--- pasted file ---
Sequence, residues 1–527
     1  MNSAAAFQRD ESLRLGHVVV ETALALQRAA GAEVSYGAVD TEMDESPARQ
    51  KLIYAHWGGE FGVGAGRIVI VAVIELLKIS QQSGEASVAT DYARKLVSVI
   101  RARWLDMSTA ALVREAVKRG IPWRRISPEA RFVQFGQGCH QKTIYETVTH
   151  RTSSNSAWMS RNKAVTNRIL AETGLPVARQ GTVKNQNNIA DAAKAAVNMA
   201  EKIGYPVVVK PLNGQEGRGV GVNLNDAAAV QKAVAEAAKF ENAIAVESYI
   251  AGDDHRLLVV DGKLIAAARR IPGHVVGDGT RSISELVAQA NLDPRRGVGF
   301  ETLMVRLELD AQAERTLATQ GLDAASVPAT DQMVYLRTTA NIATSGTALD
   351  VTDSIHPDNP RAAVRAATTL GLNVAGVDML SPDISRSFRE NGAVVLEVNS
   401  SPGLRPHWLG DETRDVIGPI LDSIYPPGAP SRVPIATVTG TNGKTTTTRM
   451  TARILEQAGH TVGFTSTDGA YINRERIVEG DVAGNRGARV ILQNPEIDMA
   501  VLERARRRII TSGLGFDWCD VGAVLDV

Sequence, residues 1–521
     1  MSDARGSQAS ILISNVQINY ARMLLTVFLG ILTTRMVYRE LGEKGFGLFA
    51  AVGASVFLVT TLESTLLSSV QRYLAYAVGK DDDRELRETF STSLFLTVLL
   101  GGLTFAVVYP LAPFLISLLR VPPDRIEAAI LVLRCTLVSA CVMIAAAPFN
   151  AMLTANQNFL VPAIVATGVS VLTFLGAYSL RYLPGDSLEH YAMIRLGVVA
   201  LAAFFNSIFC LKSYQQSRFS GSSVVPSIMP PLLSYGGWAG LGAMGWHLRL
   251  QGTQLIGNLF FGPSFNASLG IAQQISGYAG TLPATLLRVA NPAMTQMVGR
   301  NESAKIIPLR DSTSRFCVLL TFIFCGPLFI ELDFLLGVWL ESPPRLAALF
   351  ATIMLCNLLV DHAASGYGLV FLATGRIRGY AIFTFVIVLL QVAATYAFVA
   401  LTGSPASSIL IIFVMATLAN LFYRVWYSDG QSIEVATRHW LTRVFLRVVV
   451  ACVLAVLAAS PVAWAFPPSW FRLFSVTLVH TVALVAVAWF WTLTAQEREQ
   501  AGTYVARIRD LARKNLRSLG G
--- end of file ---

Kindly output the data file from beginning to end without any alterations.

Sequence, residues 1–527
     1  MNSAAAFQRD ESLRLGHVVV ETALALQRAA GAEVSYGAVD TEMDESPARQ
    51  KLIYAHWGGE FGVGAGRIVI VAVIELLKIS QQSGEASVAT DYARKLVSVI
   101  RARWLDMSTA ALVREAVKRG IPWRRISPEA RFVQFGQGCH QKTIYETVTH
   151  RTSSNSAWMS RNKAVTNRIL AETGLPVARQ GTVKNQNNIA DAAKAAVNMA
   201  EKIGYPVVVK PLNGQEGRGV GVNLNDAAAV QKAVAEAAKF ENAIAVESYI
   251  AGDDHRLLVV DGKLIAAARR IPGHVVGDGT RSISELVAQA NLDPRRGVGF
   301  ETLMVRLELD AQAERTLATQ GLDAASVPAT DQMVYLRTTA NIATSGTALD
   351  VTDSIHPDNP RAAVRAATTL GLNVAGVDML SPDISRSFRE NGAVVLEVNS
   401  SPGLRPHWLG DETRDVIGPI LDSIYPPGAP SRVPIATVTG TNGKTTTTRM
   451  TARILEQAGH TVGFTSTDGA YINRERIVEG DVAGNRGARV ILQNPEIDMA
   501  VLERARRRII TSGLGFDWCD VGAVLDV

Sequence, residues 1–521
     1  MSDARGSQAS ILISNVQINY ARMLLTVFLG ILTTRMVYRE LGEKGFGLFA
    51  AVGASVFLVT TLESTLLSSV QRYLAYAVGK DDDRELRETF STSLFLTVLL
   101  GGLTFAVVYP LAPFLISLLR VPPDRIEAAI LVLRCTLVSA CVMIAAAPFN
   151  AMLTANQNFL VPAIVATGVS VLTFLGAYSL RYLPGDSLEH YAMIRLGVVA
   201  LAAFFNSIFC LKSYQQSRFS GSSVVPSIMP PLLSYGGWAG LGAMGWHLRL
   251  QGTQLIGNLF FGPSFNASLG IAQQISGYAG TLPATLLRVA NPAMTQMVGR
   301  NESAKIIPLR DSTSRFCVLL TFIFCGPLFI ELDFLLGVWL ESPPRLAALF
   351  ATIMLCNLLV DHAASGYGLV FLATGRIRGY AIFTFVIVLL QVAATYAFVA
   401  LTGSPASSIL IIFVMATLAN LFYRVWYSDG QSIEVATRHW LTRVFLRVVV
   451  ACVLAVLAAS PVAWAFPPSW FRLFSVTLVH TVALVAVAWF WTLTAQEREQ
   501  AGTYVARIRD LARKNLRSLG G